The Illinois Campus Cluster Program (ICCP) was utilized for processing research done by Professor Jean-Pierre Leburton, a member of the Beckman Institute’s Nanoelectronics and Nanomaterial Group. Leburton’s work has recently been featured in numerous articles for his work on the future of transistors and the role of nanopores in DNA.
As the Illinois Campus Cluster Program (ICCP) enters its 6th year of production operations, it has come time to bid adieu to the oldest parts of the system: the initial cluster, dubbed Taub, will be retired on June 1, 2017. The program will forge ahead with operations and growth as new investors come on board and others reinvest as their equipment ages out. Additionally, users can now buy only the compute time they need with Research Computing as a Service (RCaaS), or rent storage on a month-by-month basis with the Active Data Storage (ADS) service. Keep an eye out for more new options for computing and storage later this year. Watch for more information on High Throughput Computing (HTC) soon!
Dr. Maria L. Chu, Assistant Professor in Agricultural and Biological Engineering, studies how a variety of factors alter how water moves in the watershed—affecting its quantity and quality.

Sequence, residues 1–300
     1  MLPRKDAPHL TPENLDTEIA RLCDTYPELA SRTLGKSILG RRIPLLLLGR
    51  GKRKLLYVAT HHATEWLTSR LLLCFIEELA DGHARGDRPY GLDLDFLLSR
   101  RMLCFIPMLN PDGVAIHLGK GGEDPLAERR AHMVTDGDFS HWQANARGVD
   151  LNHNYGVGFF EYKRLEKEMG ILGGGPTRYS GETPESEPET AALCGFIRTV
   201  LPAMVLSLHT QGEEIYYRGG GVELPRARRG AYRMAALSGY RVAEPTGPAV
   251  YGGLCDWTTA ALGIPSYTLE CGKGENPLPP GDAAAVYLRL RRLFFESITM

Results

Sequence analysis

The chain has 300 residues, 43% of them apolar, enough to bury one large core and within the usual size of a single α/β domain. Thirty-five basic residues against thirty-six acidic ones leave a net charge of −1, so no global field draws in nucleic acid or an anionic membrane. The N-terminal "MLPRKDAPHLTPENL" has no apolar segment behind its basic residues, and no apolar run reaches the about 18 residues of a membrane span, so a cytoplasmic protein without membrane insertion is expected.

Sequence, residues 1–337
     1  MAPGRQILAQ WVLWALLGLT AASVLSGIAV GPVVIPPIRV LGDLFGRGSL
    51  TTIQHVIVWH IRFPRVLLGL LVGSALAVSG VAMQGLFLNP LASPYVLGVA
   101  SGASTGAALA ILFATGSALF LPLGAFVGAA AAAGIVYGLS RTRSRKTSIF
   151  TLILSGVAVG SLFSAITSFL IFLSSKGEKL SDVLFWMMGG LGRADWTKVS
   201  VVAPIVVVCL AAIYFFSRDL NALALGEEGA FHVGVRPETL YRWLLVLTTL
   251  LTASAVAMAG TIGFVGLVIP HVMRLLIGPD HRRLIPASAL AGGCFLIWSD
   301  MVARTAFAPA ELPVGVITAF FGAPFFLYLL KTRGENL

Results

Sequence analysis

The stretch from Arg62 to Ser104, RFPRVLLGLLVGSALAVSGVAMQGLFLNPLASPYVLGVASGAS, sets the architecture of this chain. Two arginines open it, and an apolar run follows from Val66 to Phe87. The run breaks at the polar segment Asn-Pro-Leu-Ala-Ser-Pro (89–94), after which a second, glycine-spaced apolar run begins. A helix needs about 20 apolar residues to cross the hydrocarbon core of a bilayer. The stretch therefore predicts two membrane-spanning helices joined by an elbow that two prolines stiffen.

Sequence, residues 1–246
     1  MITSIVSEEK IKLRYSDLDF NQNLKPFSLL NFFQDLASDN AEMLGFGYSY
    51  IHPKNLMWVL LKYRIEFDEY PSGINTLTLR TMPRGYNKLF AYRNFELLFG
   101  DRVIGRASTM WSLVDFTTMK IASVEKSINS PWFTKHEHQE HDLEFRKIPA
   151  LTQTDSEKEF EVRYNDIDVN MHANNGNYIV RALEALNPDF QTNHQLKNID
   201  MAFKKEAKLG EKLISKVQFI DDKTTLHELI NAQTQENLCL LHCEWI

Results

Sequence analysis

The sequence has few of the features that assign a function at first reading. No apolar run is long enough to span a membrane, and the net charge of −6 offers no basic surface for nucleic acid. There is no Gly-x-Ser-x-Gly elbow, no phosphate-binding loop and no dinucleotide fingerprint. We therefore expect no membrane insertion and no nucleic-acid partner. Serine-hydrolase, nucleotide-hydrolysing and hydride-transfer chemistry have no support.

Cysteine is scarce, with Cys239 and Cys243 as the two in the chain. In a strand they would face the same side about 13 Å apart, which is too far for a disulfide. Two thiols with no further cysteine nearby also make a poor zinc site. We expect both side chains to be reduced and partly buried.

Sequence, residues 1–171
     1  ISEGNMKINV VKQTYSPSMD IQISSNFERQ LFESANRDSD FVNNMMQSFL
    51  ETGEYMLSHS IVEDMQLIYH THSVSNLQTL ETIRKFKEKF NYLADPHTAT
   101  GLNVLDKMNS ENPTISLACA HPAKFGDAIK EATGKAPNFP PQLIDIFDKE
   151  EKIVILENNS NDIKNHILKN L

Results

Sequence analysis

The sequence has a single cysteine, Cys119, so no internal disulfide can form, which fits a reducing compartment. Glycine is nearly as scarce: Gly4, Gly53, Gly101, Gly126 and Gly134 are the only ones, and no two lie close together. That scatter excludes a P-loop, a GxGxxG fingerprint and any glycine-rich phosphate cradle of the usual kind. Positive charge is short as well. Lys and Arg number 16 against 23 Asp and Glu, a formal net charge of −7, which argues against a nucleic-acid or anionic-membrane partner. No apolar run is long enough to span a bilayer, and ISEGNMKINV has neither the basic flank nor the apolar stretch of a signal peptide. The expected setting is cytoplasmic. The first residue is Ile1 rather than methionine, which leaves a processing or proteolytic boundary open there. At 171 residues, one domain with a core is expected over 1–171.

Dr. Eliu Huerta Escudero and his team are extending our understanding of gravitational wave astronomy by developing new tools that detect and characterize wave sources in dense stellar environments.
Dr. Xiaohui Chen, Assistant Professor in Statistics, and his team are mining data to help neuroscientists find the mechanism that makes neurodegenerative diseases tick.
Tandy Warnow and Michael Nute are researching what makes us different from other species and from one another by producing biological sequence analyses as it relates to genetic trees. They use the Illinois Campus Cluster Program (ICCP) to study the human microbiome and add what they find to existing genetic trees.
Dr. Felipe Menanteau, a Research Scientist at NCSA and Research Associate Professor of Astronomy, and the Dark Energy Survey team study the universe and use sky mapping exercises to try to understand where everything came from and if we are alone.
Technology Services has a new story looking at the tiny differences in gut bacteria that may lead to large discoveries like curing autism. The Illinois Campus Cluster makes it possible for Professor Tandy Warnow and Ph.D. student Michael Nute to run complex computations to analyze billions of DNA sequences.